The Sex for Favours theme in our data speaks to different forms of transactional sex, which have been identified in recent literature. For example, in a 2016 review of 300 international studies on transactional sex, three basic paradigms were identified, including ‘sex for basic needs,’ which positions women as victims in transactional sexual relationships; ‘sex for improved social status’, which positions women as sexual agents who engage in transactional sex in order to attain middle-class status; and ‘sex and material expressions of love, which draws attention to the connections between love and money, and the central role of men as providers in relationships’ . Echoing available literature, our findings suggest that many women students find themselves abused not only by their student boyfriends, but also by men in power who force them to exchange sex for a particular service, including a place in residence or for marks/grades. This kind of transactional sex can be aligned with the ‘sex for basic needs’ paradigm. The university can address this form of abuse by warning students and staff, equipping them with the skills and knowledge needed to respond effectively to these situations and punishing perpetrators who demand sex for what women students are entitled to, such as a place in residence [36,52]. Our findings also suggest that when women have the courage to report experiences of sexual abuse on campus, the security service often fails to take relevant action against the perpetrator . This is a serious failure in the university’s security system that clearly needs to change. Furthermore, according to our participants, onlookers often choose to ‘stand by the man’ and either blame the women for the abuse or encourage them to forgive the perpetrator and move on . These responses breed a toxic culture of victim blaming, hopelessness, and silence and impunity on the part of the perpetrators. The participants suggest that it is now time for university staff and students to draw on their sense of agency and accountability by adopting a more active stance against sexual violence on campus.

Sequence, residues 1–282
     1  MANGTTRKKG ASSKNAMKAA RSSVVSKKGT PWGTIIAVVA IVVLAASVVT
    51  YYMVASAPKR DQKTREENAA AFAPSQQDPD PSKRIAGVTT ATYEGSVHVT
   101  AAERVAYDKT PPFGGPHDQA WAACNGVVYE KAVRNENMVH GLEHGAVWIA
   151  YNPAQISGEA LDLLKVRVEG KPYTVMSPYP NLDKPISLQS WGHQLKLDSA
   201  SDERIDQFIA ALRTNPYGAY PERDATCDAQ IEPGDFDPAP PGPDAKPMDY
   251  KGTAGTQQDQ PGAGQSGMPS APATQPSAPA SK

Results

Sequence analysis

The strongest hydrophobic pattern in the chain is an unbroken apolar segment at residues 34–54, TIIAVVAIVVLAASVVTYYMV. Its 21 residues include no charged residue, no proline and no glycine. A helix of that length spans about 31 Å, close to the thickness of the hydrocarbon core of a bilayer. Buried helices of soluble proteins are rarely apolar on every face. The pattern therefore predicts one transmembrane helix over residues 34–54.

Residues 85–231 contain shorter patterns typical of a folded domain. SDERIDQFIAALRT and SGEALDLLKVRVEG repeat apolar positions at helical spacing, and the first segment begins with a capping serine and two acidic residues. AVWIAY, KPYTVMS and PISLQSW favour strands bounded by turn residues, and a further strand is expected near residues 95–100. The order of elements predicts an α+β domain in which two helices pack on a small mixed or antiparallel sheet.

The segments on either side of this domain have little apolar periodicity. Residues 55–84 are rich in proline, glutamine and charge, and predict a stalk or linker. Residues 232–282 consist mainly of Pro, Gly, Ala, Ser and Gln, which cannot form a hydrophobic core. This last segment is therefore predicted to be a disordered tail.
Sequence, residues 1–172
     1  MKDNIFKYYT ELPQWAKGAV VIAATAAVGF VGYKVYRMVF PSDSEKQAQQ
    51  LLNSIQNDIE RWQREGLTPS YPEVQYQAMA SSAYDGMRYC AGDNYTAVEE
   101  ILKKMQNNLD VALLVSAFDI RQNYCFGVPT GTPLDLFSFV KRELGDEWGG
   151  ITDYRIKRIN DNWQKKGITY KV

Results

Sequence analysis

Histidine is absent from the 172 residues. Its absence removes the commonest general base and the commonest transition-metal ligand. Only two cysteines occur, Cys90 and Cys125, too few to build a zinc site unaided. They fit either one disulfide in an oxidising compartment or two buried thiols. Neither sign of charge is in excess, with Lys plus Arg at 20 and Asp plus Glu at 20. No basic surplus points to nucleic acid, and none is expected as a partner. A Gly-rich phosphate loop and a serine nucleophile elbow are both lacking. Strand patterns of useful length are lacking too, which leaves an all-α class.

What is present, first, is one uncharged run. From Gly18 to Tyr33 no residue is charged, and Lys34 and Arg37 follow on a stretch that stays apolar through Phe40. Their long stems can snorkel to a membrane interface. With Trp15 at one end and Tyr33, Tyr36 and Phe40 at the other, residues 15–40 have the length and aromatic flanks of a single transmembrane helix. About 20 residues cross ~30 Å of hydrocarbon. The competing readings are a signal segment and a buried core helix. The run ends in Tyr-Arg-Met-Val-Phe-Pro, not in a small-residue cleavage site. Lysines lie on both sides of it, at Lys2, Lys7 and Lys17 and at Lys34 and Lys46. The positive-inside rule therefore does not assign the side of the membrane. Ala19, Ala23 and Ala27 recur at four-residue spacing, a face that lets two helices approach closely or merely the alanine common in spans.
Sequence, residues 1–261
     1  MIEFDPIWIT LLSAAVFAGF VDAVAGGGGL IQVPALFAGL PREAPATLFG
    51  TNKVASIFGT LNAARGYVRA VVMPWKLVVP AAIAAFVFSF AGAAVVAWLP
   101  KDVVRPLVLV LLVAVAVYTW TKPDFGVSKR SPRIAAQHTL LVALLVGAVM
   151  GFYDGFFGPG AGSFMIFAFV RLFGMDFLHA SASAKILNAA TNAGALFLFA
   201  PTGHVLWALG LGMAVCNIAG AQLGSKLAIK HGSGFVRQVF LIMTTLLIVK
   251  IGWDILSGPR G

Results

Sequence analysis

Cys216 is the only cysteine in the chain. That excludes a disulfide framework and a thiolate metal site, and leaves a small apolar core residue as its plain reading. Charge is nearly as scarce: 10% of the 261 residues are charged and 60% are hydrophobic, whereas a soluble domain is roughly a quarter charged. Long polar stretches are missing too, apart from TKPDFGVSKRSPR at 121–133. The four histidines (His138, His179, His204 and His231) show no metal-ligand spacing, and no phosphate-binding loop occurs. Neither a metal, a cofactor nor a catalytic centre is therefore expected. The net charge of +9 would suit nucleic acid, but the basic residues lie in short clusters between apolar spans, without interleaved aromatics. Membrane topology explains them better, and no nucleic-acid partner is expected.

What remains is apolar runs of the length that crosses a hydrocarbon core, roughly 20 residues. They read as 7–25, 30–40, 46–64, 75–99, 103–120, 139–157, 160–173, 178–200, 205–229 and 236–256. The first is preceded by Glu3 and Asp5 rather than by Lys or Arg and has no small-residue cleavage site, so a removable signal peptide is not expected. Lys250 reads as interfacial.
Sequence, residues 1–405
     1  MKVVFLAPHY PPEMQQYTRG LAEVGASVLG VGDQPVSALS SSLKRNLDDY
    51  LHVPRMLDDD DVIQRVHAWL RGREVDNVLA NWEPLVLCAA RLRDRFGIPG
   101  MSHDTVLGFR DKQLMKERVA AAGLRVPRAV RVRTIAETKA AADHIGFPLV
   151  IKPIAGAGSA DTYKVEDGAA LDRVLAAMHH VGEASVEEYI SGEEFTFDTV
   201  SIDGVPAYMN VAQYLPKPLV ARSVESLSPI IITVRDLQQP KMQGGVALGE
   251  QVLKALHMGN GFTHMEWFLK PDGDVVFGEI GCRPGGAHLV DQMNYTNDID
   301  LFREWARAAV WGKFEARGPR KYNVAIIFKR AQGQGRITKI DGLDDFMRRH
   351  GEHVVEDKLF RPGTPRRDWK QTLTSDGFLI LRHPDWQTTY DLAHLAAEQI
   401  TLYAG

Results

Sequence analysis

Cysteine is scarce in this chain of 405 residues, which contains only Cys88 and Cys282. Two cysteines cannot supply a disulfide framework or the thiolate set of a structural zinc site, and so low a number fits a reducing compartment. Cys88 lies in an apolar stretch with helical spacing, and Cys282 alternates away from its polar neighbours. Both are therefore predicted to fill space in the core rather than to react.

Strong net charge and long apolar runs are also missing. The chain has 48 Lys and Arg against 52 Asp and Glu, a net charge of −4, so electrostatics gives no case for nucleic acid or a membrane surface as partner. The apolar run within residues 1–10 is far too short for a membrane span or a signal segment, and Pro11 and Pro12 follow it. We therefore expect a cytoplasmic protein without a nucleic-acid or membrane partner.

Our findings also speak to the second paradigm, ‘sex for social status’, since, according to our participants, first year students in particular, tend to be easily lured or forced into sex in exchange for material possessions, such as clothes to help them fit in. Women in this category may appear to have more power than in the first paradigm since they have the freedom to choose a partner, but ‘once the choice [is] made, their power [is] greatly circumscribed…’ . This is particularly true with regards to when sex takes place, the nature of the sex and whether condoms are used. These factors have great implications for women’s vulnerability to sexual violence and to sexually transmitted infections, including HIV—with the man changing into a ‘Mufasa’ in the bedroom! The last paradigm also bears connection to our findings, in particular to the ‘wish list’ and rape gadgets themes, which are shown to make women more vulnerable to violence on campus. There is a need to challenge these connections between love and money and the gender normative assumptions of men as providers in relationships.
The data produced in the KZN workshop is also important and can be used by the participants and university leadership to address sexual violence in this setting. The GA plan is to share this data with the university leadership at strategic monthly meetings, and members of the GA are currently using these themes to create improvised dramas about sexual violence on campus. These dramas are followed by student discussions as a way of breaking the silence and finding solutions. Their engagement in this activism links to the final theme of ‘agency’, which links the data from the two settings, with a notable emphasis in the visual and narrative data on the students’ ability to challenge harmful gender norms and change ‘a man’s world.’ For example, the theme, ‘the female body as a crime scene,’ shows a sense of agency through the participants’ determination to regain control of their bodies. So, too, does their use of the word ‘crime,’ which makes it clear that the students are aware that sexual violence is illegal and unacceptable. Moreover, although these students recognize that patriarchal norms remain a challenge, they are clearly determined to address sexual violence in their communities as students and as future educators.